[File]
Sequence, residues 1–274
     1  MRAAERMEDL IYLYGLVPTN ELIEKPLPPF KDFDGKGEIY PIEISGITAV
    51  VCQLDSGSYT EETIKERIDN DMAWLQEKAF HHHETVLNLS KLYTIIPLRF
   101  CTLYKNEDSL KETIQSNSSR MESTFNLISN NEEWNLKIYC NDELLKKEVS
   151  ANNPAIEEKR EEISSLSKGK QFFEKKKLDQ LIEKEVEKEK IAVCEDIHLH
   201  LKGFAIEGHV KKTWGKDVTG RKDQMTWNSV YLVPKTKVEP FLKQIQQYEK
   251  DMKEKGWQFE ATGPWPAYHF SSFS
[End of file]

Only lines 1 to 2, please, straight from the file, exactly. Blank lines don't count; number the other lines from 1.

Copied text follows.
Sequence, residues 1–274
     1  MRAAERMEDL IYLYGLVPTN ELIEKPLPPF KDFDGKGEIY PIEISGITAV